Universal Credit: The trap of getting an advance


Since posting this blog on 30th March, there’s been an update on universal credit claims from the BBC. Here’s the link. It’s good to see Labour has urged ministers to go much further, urging that the verification process for new claimants be speeded up and upfront cash advances – available for those in urgent need – should not have to be repaid.

Once again there’s a recognition that claimants need the money to pay their bills and survive, not a loan they can ill afford. Maybe the self employed’s reaction to going through the welfare benefits system and the offer of an advance will make the government wake up to the needs of those they’re serving and see the unfairness of treating desperate claimants as though they can go without for 35 days or take out a loan they cannot afford to repay whilst waiting to get their first payment.

What is universal credit?

Universal credit is a single benefit for working-age people, replacing income support, income-based Jobseeker’s Allowance, income-related employment and support allowance, housing benefit, child tax credit and working tax credit and merging them into one payment.   It is supposed to make claiming benefits simpler. Out of this one payment they have to pay their costs including rent, although there is a provision for people who are in rent arrears or have difficulty managing their money to have their rent paid directly to their landlord. 

As at October 2019 there were 2.6 million universal credit claimants, just over a third of whom were in employment. This is going to rise considerably now new rules are coming into place arising from the Covid 19 pandemic. 

How does it work?

It can be claimed whether you are in or out of work. There’s no limit to the number of hours you can work per week if you receive it, but your payment reduces gradually the more money you earn. The idea behind this is that no-one should be better off claiming benefits than working.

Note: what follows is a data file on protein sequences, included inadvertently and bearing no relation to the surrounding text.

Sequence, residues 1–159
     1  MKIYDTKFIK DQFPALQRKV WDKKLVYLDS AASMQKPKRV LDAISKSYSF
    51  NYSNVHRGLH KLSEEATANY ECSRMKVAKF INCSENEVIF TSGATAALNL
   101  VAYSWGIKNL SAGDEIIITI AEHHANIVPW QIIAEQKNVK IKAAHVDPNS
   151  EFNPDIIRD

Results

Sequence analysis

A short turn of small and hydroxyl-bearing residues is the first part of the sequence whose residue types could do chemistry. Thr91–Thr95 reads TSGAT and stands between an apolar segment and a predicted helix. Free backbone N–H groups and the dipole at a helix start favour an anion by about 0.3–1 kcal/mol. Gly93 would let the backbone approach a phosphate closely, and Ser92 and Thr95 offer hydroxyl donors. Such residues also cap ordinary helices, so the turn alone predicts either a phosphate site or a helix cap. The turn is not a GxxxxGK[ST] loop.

In the previous system people on a low income would lose a big chunk of their benefits in one go as soon as they started working more than 16 hours. Whereas now the benefit payments are reduced at a consistent rate as income and earnings increase. So for every extra £1 you earn after tax, you will lose 63p in benefits. 

How much can you receive? 

This depends on things like whether you have children and if you qualify for housing or disability payments. Payments are then reduced from this maximum amount the more you earn – although each household can earn a certain amount, called a ‘work allowance’, before losing anything.

The problem with an ‘advance’ 

Initially the decision was made to make Universal Credit payable in arrears in order to be just like getting a new job. Therefore, if you signed on on 1 January, you’d receive your first payment on 5 February.  It’s unbelievable that this was thought to be a good idea for the people who are the least likely to have any savings. No wonder the food banks have been growing! 

The solution they have come up with is for those who don’t have enough money saved to wait 35 days from claim to payment to get what’s called an ‘advance’ on their first instalment of  benefit. An advance? How disingenuous is that. In billing terms payments are made in advance or arrears but in Universal Credit terms it means it’s a loan taken off future benefit payments over the following year. If someone hasn’t got any money then they’re unlikely to get a loan, so why is it reasonable in these circumstances for the government to lend them money? The overall effect has been to plunge people into rent arrears and debt and in some cases homelessness. In others cases, it has caused job losses which is the very opposite of what Universal Credit is intended to achieve. Whenever you hear this put to politicians though they always carefully use the term advance. Rarely are they  picked up on what that really means. 

Watch the BBC series “Universal Credit: Inside the welfare state” to see this play out in real life and what the claimant did and the consequences. It’s completely unfair to give with the one hand and take away with the other. 

Jill Canvin


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